The GeeksverseMikey Mason: Comedy Rock Star

Mikey Mason: Comedy Rock Star
Published on Thursday, April 18, 2013 by
The Comixverse recently sat down with comedian and singer/songwriter Mikey Mason to talk about his new EP Storm Coming, a collection of original music inspired by Neil Gaiman’s novel American Gods.

Geek. Fanboy. Comedy Rock Star.

Mikey Mason embodies all these things, and the combination makes for a pretty funny comedian and singer/songwriter. With several comedy albums under his belt, Mikey recently did a serious side project: Storm Coming, an EP inspired by Neil Gaiman’s novel American Gods.

He took some time out to talk with us about the album, and you should listen to it, especially since he’s been kind enough to give us permission to embed it here, and you can listen while you read. It’s also available at his website for free (or donations, your choice). While you’re there, enjoy his comedy, too. There’s plenty there for everyone.

TheComixVerse:  Mikey, before we talk about your new EP, Storm Coming, let’s introduce you to any of our readers who may not be familiar with your work. You’re a Geek, a Fanboy, and a Comedy Rock Star. All of us here can relate to the first two, but tell us a bit about the third.

Mikey Mason: I’ve been a full-time standup comic for 4 years. When I started standup comedy, I was a middle manager at a real job, and I’d take days off to “go play comedy rock star.” Eventually I dropped down to part time there, and then quit. But I’ve never really taken the title seriously. It’s just a way to “brand” myself, help myself stand out from the other comedians, and it works because I’m a guitar act and (I’ve been told) what I do onstage is fairly distinctive.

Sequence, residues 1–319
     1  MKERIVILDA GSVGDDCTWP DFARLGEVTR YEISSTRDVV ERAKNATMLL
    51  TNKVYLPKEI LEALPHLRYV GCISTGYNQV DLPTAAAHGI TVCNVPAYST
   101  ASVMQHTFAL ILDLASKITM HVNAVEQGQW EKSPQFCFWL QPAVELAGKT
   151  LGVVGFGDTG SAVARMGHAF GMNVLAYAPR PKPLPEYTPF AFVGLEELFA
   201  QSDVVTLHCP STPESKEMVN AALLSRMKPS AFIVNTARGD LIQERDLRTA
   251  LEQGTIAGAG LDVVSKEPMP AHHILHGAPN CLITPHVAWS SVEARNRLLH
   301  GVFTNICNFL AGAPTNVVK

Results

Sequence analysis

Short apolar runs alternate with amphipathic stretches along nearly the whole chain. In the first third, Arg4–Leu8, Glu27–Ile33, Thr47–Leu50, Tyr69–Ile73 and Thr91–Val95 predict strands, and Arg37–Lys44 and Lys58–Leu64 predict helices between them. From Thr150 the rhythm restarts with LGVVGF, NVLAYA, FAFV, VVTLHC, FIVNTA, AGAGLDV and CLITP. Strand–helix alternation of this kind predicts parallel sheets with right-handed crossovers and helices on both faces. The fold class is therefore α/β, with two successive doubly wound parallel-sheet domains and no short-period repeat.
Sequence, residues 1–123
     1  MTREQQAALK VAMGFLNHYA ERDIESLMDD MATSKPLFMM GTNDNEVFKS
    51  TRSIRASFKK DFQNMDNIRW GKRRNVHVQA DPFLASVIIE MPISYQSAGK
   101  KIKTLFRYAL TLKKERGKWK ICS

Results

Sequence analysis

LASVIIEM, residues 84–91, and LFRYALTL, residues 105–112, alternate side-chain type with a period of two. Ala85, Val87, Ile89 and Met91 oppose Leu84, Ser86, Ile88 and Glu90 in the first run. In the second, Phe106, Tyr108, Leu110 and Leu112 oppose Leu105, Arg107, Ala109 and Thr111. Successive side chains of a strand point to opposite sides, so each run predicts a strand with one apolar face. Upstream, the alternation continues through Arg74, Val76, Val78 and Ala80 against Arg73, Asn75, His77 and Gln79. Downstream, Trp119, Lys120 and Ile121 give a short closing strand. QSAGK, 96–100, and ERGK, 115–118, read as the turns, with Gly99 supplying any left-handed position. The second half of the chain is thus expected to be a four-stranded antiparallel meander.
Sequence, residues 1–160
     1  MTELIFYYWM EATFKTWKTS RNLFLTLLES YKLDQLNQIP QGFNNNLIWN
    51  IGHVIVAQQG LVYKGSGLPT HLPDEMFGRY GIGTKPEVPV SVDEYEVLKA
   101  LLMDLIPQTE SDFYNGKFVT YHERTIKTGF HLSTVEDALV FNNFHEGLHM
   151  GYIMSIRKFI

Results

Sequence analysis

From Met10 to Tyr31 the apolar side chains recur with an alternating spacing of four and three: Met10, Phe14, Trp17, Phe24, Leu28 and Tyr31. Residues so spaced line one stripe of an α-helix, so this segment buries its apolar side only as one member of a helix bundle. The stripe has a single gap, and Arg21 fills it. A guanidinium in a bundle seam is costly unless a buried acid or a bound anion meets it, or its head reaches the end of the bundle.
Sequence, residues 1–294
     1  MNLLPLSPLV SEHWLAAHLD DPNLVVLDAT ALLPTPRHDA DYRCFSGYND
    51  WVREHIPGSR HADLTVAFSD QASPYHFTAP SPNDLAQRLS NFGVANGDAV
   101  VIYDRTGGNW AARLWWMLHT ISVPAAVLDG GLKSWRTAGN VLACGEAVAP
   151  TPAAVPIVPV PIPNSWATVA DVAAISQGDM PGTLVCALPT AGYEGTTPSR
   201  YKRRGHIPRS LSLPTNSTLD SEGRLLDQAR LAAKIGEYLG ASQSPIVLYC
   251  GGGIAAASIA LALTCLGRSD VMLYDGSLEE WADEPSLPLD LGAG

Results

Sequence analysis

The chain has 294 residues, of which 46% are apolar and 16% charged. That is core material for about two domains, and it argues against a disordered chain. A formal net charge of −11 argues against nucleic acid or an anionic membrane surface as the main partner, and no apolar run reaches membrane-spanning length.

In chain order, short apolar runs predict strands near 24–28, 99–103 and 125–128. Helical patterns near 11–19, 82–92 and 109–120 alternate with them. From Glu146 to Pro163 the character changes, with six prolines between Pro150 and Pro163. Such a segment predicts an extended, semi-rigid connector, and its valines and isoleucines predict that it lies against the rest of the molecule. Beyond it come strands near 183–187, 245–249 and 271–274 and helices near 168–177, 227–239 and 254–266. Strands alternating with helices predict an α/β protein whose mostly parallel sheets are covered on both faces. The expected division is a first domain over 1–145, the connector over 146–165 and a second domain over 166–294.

TCV: Your music is fairly distinctive as well. Lots of comedy music acts that cater to the geek set have a lot of parodies in their body of work, but you seem to eschew those and focus on originals. Was that a conscious decision or just sort of a natural thing as you established your repertoire?

MM: I just don’t find them as creatively fulfilling as I do writing original songs. Writing a parody takes considerably less skill, talent, and work than writing a catchy, popular song. It is an opinion that many people who write parodies don’t want to hear expressed, because they think I’m judging them.

Look: I write the occasional parody too. It’s fun. But it’s WAYYYY less effort than writing an original song (even an original song that isn’t that great…)

Writing a song requires arranging chord structures, creating a melody, and writing lyrics. It involves tempo, mood, pacing, instrument choice, and even a sense of the theatrical. It requires creating a musical atmosphere that reinforces the lyrics and sets the tone of the piece, created from beats and notes and chords and rests, silence and volume, and shaping it into an aural sculpture using voices and instruments and equipment and performance techniques.

Writing a parody requires that you take a song where somebody else already did all of that and re-write the lyrics. That’s it. Done. A parody purposefully cashes in on someone else’s hard work and talent and the exposure of a popular song.